The challenging macroeconomic environment has also witnessed managers increasing their allocation towards alternative assets as diversifiers. Alternatives like Gold have had renewed interest last quarter as a fall in the 10-year TIPS yield, weaker US dollar, and expectations of higher demand in China helped boost interest in Alternatives. This situation made gold mining companies appealing for some strategist managers. Other precious metals like silver and platinum have also added about 25% and 15% over the past 3 months, respectively. They continue to benefit from EV automobile industry demand. Some strategist managers are also overweight on Infrastructure, which might benefit from tailwinds associated with the passing of a major infrastructure bill last year and continued investments in sustainable energy and energy security.
While last year’s double-digit negative returns in equities and fixed income questioned the relevance of a 60/40 portfolio, investors need to keep in mind that such periods are rare, and 60/40 portfolios still have a place in long-term asset allocations. A short-term bet on single asset/sub-asset class, if proven correct, might pay off, but this success might be extremely difficult to replicate on a consistent basis. Diversification across asset classes and investment styles, achieved via a 60/40 allocation, can provide consistency and still help investors navigate this economic environment characterized by high inflation, rising interest rates, and geopolitical issues. While alternative investments can be relatively illiquid and a complex realm for a retail investor, adequate exposures which complement the 60/40 allocation via a well-researched strategist manager can add further diversification.
Optimism Abounds for Fixed Income Returns in 2023
By Eric Halverson, CFA
After fixed income markets plunged last year and notched their worst returns in over 30 years, we’ve noticed the bond managers still standing have a bit of “pep in their step” with the most attractive yield levels seen in over 20 years. Such optimism comes in the face of an uncertain economic outlook with a looming possibility of recession, but resilient and sound corporate balance sheets seem to be dampening those concerns.
The numbers behind fixed income manager confidence are compelling. For example, at the end of 2022, the Bloomberg US Aggregate Index had a yield-to-worst of 4.68% and a duration of 6.17 years. A 100-basis point parallel downward shift in rates would translate to a roughly 10.3% return for 2023, a 4.7% return if rates remain unchanged, or -60 basis point return if rates rise 100 basis points. With the market expecting the Federal Reserve to reduce the size and frequency of interest rate hikes in 2023, and perhaps even cut rates toward the end of the year, the bond math is clearly positively skewed this year.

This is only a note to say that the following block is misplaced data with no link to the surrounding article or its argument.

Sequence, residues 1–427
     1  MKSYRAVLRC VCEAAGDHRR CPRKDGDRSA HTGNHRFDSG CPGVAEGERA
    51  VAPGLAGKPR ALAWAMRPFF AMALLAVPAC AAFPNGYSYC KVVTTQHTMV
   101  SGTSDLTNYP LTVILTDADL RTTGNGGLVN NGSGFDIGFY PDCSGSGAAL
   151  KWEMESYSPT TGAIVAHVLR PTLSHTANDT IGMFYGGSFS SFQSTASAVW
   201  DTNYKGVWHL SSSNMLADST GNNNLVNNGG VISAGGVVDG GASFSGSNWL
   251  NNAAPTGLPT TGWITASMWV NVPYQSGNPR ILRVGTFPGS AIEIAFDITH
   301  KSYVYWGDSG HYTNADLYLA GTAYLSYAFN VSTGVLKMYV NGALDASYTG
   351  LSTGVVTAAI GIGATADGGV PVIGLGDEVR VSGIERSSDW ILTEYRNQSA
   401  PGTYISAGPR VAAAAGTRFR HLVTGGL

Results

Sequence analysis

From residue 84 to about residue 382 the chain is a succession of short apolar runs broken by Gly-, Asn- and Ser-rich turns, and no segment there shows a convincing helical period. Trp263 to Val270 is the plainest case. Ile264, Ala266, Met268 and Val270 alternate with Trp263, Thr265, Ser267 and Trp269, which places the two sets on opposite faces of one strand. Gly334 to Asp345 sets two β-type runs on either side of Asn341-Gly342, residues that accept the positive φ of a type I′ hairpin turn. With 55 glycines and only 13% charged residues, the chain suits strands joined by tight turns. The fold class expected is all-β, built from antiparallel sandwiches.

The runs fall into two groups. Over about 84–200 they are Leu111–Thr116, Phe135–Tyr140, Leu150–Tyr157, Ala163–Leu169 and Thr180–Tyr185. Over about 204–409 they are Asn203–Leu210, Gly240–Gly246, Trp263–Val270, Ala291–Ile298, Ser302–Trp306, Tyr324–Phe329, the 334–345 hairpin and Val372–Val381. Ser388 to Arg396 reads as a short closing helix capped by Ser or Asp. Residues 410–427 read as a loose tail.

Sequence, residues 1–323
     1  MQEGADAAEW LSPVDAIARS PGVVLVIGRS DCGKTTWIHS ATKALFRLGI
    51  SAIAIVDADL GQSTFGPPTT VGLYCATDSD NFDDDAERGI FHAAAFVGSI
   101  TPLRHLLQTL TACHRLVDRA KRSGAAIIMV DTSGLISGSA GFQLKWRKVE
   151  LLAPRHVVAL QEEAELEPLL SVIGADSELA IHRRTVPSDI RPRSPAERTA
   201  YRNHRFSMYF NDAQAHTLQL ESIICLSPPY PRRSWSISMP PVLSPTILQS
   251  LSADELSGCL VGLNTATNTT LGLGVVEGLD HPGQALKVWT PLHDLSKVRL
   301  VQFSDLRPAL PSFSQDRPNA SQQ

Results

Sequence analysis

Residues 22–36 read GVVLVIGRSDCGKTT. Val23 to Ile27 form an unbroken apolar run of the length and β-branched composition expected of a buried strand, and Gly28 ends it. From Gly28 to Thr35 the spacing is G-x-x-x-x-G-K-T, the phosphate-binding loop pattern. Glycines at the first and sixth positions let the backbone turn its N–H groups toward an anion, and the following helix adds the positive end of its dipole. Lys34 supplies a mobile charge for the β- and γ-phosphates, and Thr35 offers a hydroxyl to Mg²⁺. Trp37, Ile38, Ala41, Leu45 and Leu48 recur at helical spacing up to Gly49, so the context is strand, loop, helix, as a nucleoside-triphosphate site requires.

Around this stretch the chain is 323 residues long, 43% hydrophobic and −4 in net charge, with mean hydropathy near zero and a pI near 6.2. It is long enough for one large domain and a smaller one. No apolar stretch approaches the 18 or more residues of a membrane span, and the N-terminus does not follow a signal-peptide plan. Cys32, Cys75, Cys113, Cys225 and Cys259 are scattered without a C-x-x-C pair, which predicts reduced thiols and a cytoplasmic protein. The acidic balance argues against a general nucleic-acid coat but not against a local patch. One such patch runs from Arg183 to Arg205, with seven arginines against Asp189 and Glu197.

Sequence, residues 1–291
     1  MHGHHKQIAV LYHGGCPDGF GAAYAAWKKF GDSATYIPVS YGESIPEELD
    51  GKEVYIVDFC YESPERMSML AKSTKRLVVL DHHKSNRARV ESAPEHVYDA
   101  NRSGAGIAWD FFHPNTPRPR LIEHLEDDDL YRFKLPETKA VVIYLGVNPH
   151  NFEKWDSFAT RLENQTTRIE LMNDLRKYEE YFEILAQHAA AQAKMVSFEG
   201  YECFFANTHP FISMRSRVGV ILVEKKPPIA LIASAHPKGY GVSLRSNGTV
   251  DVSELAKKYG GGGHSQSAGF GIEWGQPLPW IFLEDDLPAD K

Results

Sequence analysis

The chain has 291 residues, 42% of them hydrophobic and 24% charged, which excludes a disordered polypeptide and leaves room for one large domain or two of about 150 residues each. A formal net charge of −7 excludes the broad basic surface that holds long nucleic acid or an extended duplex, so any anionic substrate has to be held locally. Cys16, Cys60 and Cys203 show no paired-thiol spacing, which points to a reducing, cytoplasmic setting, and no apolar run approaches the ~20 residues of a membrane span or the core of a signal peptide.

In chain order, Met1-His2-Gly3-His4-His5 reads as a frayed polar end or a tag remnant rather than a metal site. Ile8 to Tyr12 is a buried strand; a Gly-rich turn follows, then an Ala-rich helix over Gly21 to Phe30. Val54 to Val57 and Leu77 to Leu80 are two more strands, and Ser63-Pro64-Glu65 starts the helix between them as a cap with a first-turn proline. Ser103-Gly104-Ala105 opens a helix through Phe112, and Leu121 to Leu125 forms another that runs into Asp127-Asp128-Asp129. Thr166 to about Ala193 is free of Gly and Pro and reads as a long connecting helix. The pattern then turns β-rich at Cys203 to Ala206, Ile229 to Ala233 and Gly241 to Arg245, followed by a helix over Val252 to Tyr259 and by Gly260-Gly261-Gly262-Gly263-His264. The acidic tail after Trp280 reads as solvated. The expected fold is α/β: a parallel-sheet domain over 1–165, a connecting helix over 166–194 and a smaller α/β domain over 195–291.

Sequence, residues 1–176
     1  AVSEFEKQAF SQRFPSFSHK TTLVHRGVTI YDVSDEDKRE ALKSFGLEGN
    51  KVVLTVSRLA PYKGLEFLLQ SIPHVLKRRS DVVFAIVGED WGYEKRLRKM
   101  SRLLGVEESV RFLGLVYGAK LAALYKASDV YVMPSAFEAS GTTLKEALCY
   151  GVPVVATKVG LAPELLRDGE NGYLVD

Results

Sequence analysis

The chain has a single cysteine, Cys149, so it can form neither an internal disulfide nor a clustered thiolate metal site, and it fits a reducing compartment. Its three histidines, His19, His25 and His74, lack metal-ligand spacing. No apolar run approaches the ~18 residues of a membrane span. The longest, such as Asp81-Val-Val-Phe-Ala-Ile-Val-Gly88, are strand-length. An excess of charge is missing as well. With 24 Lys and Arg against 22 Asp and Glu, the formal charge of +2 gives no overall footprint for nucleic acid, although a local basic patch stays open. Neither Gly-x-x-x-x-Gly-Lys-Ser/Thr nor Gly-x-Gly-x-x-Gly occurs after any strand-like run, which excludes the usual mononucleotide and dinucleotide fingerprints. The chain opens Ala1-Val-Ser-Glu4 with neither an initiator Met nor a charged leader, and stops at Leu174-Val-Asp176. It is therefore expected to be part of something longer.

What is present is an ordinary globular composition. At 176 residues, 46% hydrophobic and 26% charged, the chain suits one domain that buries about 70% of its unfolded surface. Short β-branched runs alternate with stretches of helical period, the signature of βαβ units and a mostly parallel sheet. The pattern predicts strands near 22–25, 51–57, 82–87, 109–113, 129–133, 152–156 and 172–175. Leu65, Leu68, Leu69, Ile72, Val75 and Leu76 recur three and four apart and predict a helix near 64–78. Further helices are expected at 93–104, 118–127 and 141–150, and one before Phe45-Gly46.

The optimism isn’t limited to just the investment grade segment of the fixed income market either. Treasury, municipal, and even high-yield corporate bond yields are at multi-decade highs. At the end of 2022, the yield on a 10-year Treasury was just under 4%, while municipal and US high yield corporate credit yields were 3.55% and 8.96%, respectively, and all offering double, or even triple, what they were at the end of 2021.
At current yields, income becomes a greater component of total return and should dampen the negative effects of any further upward move in rates. This dynamic is likely to offer greater diversification benefits as well and regain fixed income’s traditional place as a ballast in portfolios.
Corporate Bonds Bounce Back
By Divya Jain
2022 was quite a bumpy year for corporate bonds, which witnessed a steep decline beginning in the first quarter that lasted most of the year. As rising inflation prompted numerous rate hikes by the Fed, investor demand fizzled, and many companies were reluctant to come to market and issue new debt at higher yields. In fact, gross issuance totaled just 16% and 33% of 2021 and 2020 levels, respectively.